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Dec 12, 2017 19:21 EEST
December 12 (SeeNews) - The main domestic process that will influence Croatia's capital market next year will be the unravelling of the situation in Agrokor, after the market suffered strongly from the financial downfall of the concern in 2017, an analyst with Croatia's Erste told SeeNews on Tuesday.
The deep financial trouble, in which Croatia's largest privately held company found itself in early 2017, has been a great burden for domestic stocks, Davor Spoljar said in response to a SeeNews inquiry.
“The domestic capital market started to recover more seriously at the beginning of 2016, due to a turnaround in the economic cycle, but this short positive trend was interrupted by the developments in Agrokor in early 2017,” Spoljar explained.
On March 29, in the early days of the crisis in Agrokor, the 25-share benchmark CROBEX index of the Zagreb Stock Exchange fell by 2.98% to 2,015.12 points, while the CROBEX10 decreased 2.72% to 1,156.26 points. Both indices were slowly gaining ground through 2016, and then reached their peak in early 2017 before falling when Agrokor crisis struck.
At the time, it was the shares of Agrokor listed subsidiaries that bore the brunt of the crisis but the negative sentiment soon spilled over to the rest of the market, especially to key suppliers.
"Investors are concerned about the impact future events in Agrokor may have on the Croatian economy and the key companies exposed to the concern," Spoljar told SeeNews at the time.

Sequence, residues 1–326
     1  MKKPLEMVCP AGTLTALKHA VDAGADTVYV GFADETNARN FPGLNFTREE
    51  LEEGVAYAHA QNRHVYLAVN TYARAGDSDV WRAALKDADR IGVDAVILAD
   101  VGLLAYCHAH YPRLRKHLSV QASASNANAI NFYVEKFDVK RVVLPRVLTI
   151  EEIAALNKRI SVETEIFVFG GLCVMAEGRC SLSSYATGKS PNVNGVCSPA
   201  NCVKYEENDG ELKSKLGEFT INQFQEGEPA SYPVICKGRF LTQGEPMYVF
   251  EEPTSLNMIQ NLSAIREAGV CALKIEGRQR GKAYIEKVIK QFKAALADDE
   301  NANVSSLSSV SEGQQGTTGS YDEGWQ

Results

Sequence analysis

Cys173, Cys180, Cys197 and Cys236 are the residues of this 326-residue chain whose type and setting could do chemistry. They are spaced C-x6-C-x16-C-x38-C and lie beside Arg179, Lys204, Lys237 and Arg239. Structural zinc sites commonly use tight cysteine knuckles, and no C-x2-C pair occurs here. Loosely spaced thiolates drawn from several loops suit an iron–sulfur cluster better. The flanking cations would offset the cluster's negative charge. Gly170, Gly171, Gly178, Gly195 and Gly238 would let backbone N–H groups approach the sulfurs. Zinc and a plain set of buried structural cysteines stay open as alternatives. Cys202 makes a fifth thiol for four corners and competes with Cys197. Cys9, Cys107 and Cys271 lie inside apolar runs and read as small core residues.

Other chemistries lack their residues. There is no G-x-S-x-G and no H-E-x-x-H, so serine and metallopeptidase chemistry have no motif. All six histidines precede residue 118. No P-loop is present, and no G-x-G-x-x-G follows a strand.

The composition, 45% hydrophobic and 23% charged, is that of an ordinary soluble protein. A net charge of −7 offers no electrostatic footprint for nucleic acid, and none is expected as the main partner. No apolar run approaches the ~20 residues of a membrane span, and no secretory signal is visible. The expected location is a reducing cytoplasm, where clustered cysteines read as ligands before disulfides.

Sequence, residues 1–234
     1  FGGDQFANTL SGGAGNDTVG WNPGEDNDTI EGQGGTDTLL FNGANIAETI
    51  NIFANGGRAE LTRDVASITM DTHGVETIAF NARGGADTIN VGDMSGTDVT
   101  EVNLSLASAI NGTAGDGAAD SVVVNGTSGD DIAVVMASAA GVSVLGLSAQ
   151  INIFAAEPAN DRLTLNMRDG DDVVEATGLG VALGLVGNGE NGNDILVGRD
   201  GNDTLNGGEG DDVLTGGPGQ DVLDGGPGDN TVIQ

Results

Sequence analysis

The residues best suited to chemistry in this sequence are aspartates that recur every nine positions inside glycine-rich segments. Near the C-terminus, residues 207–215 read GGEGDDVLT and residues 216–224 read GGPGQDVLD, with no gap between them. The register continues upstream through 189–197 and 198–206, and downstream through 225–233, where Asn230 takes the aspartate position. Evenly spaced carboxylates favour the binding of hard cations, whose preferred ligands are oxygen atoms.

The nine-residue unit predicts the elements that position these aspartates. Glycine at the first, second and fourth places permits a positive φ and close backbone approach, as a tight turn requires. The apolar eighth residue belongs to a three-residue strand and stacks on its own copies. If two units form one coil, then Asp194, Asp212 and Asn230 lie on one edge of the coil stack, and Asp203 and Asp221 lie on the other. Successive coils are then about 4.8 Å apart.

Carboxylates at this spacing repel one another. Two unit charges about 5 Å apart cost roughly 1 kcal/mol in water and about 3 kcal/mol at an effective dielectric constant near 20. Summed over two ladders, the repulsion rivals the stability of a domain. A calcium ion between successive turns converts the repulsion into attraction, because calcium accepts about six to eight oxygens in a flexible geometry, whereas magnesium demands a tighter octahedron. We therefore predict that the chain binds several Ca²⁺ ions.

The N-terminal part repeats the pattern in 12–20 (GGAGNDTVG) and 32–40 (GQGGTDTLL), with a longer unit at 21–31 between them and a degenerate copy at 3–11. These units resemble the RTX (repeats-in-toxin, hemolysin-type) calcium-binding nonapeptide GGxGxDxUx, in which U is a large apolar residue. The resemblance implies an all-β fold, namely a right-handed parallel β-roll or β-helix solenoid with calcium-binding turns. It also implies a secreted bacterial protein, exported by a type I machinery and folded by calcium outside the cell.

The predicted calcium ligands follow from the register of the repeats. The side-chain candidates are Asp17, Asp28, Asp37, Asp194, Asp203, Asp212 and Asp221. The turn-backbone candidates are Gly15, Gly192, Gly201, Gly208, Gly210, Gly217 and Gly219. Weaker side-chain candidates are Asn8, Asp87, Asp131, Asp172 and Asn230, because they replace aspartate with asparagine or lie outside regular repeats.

By December 11, the CROBEX stood at 1,854.45 points, while the CROBEX10 came in at 1,086.29 points.
Spoljar explained on Tuesday that if the restructuring of the ailing concern untangles without any major disturbances and if certain companies within the Agrokor Group are put on sale, Erste foresees that the Zagreb bourse could bounce back in 2018.
“We believe that there will be interested investors and that the market will react positively to such developments,” he said.
Spoljar also said that many Croatian firms could be in the running for Agrokor’s flagship companies in 2018.
“Many domestic companies could also be interested in Agrokor's flagships companies or in those rocked by the developments in the concern”, he added.
Aside from Agrokor, macroeconomic data will be a tailwind for the Croatian stock market next year, as will be the strong tourism figures which are expected to continue, Spoljar opined.
Agrokor's financial troubles became apparent earlier this year when Moody's downgraded its corporate family rating (CFR) to B3 from B2. The company then pulled out of a syndicated loan deal it had struck with several international lenders, which sent the price of its bonds on international markets into a downward spiral.
In April, the Croatian parliament adopted a law allowing the government to appoint temporary administrators in companies of systemic importance to lead a restructuring process at the request of the companies' creditors or the debtors themselves. A process of restructuring of the indebted concern under extraordinary administration was launched under the law commonly known as Lex Agrokor.
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